Many remember the very unwelcome alterations included in the DVD editions of the films. CGI animations stick out like sore thumbs. Han now has a chat with a CGI Jabba the Hut in A New Hope. The spirit of Anakin Skywalker at the end of Return of the Jedi is no longer a healthy-looking Anakin at the time of his death (signifying his return from the dark side), but instead young Anakin – the smug-looking Hayden Christensen??? Why, George, why?

And to make it worse, you just put Hayden's head on the original dude's body.

And to make it worse, you just put Hayden’s head on the original dude’s body.

But that’s besides the point to what else you have done. You have been fiddling around for longer than that, and done damage to more than just the aesthetics. Let’s take the most infamous example – you know what I am talking about: the alteration of that scene introducing Han Solo as he discusses his unfortunate debt situation with bounty hunter Greedo. Here’s the original release and new release side-by-side comparisons:

As we can all see, in the original 1977 release HAN SHOOTS FIRST. This goes far beyond adding CGI where it ought not to be. A simple 2-second alteration is enough to completely undermine Han’s characterization within the story.

George, you said you changed it because you didn’t want it to look like Han was a bad dude in the beginning. I’ll get to that argument in a minute, but let’s look at the logic of this new sequence of events. It actually doesn’t make any real sense that Han doesn’t shoot first because:

  1. Why would you listen to a dude monologuing about how he’s going to kill you without doing something to stop it?
  2. You don’t prep your blaster under the table just to wait and see if the other guy shoots first.

The original scene depicts Han as savvy and street-wise. It doesn’t render Han a cold-blooded killer (as you have argued), but instead a crafty gunslinger knowing where his discussion with Greedo is heading, and doing something about it.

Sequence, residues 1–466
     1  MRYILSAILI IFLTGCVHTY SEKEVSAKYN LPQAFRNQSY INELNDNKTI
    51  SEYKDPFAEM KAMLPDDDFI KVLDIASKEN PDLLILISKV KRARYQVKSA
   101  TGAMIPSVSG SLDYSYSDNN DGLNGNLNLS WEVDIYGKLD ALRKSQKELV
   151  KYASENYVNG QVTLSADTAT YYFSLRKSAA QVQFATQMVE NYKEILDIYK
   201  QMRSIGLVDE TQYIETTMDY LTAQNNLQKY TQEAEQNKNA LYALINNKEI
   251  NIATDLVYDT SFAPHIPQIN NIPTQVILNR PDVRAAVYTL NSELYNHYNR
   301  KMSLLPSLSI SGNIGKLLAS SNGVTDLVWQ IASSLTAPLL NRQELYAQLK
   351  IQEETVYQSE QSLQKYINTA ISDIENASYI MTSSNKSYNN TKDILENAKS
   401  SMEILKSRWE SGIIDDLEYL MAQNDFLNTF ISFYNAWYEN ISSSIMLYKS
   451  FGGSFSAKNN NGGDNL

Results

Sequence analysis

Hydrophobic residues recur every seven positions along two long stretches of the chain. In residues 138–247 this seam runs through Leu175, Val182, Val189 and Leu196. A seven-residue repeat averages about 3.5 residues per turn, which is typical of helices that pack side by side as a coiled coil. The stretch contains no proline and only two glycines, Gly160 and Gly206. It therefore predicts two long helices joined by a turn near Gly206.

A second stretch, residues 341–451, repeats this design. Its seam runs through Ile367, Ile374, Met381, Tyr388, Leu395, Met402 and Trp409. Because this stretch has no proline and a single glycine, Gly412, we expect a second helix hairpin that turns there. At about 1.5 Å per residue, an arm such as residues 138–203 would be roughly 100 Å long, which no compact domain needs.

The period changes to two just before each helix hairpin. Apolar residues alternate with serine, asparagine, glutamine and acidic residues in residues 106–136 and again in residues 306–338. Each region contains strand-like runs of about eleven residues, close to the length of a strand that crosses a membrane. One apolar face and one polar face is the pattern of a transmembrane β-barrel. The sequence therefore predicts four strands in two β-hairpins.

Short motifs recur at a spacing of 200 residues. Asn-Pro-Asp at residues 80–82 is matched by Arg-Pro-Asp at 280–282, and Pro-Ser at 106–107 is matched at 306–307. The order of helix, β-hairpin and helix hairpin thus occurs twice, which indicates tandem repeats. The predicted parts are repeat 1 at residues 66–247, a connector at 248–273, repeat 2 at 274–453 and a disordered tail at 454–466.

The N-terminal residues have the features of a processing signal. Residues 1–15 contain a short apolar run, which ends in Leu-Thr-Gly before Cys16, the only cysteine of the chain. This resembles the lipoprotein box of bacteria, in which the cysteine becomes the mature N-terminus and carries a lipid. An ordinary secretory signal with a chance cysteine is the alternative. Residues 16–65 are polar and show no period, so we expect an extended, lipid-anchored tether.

Han Shot FirstAnd as for the idea that Han shouldn’t do something morally questionable in the beginning, what about a hero’s journey, George?

Han’s journey to become a galactic hero has much more meaning and significance if he goes through a mighty transformation. The Han who shoots first in A New Hope is a scuzzy smuggler with a long (but great!) road to travel ahead of him.

Saying Han can’t shoot first because it makes him too bad a man to become a hero is like saying Luke is too poor with a lightsaber at the beginning to become a jedi. It’s the metamorphosis that makes the story and characers so compelling.

AHEM. Excuse you?

So “Han Shot First” is now something of a mantra amongst us fans of the series to indicate a distaste for Uncle George’s meddlings and an expression of the belief that we as fans have a right to the characterization and depictions with which we became acquainted at the beginning. It’s the belief that you have no right to decide that the original theatrical releases are wrong and shouldn’t be made available to the public. It’s a cry for the originals to be made available so we can all have the work as we came to know it.

So on this day of celebration and appreciation for the greatness of your Star Wars films, let’s all remember that fans have the ultimate say in interpretation of these spectacular works.

And Han shot first.

May the fourth be with you,
Ashley Nef


They are starting to put ads on our blog. We do not approve these and are not getting any residuals whatsoever, so I apologize for the content. I’ll see what I can do about it.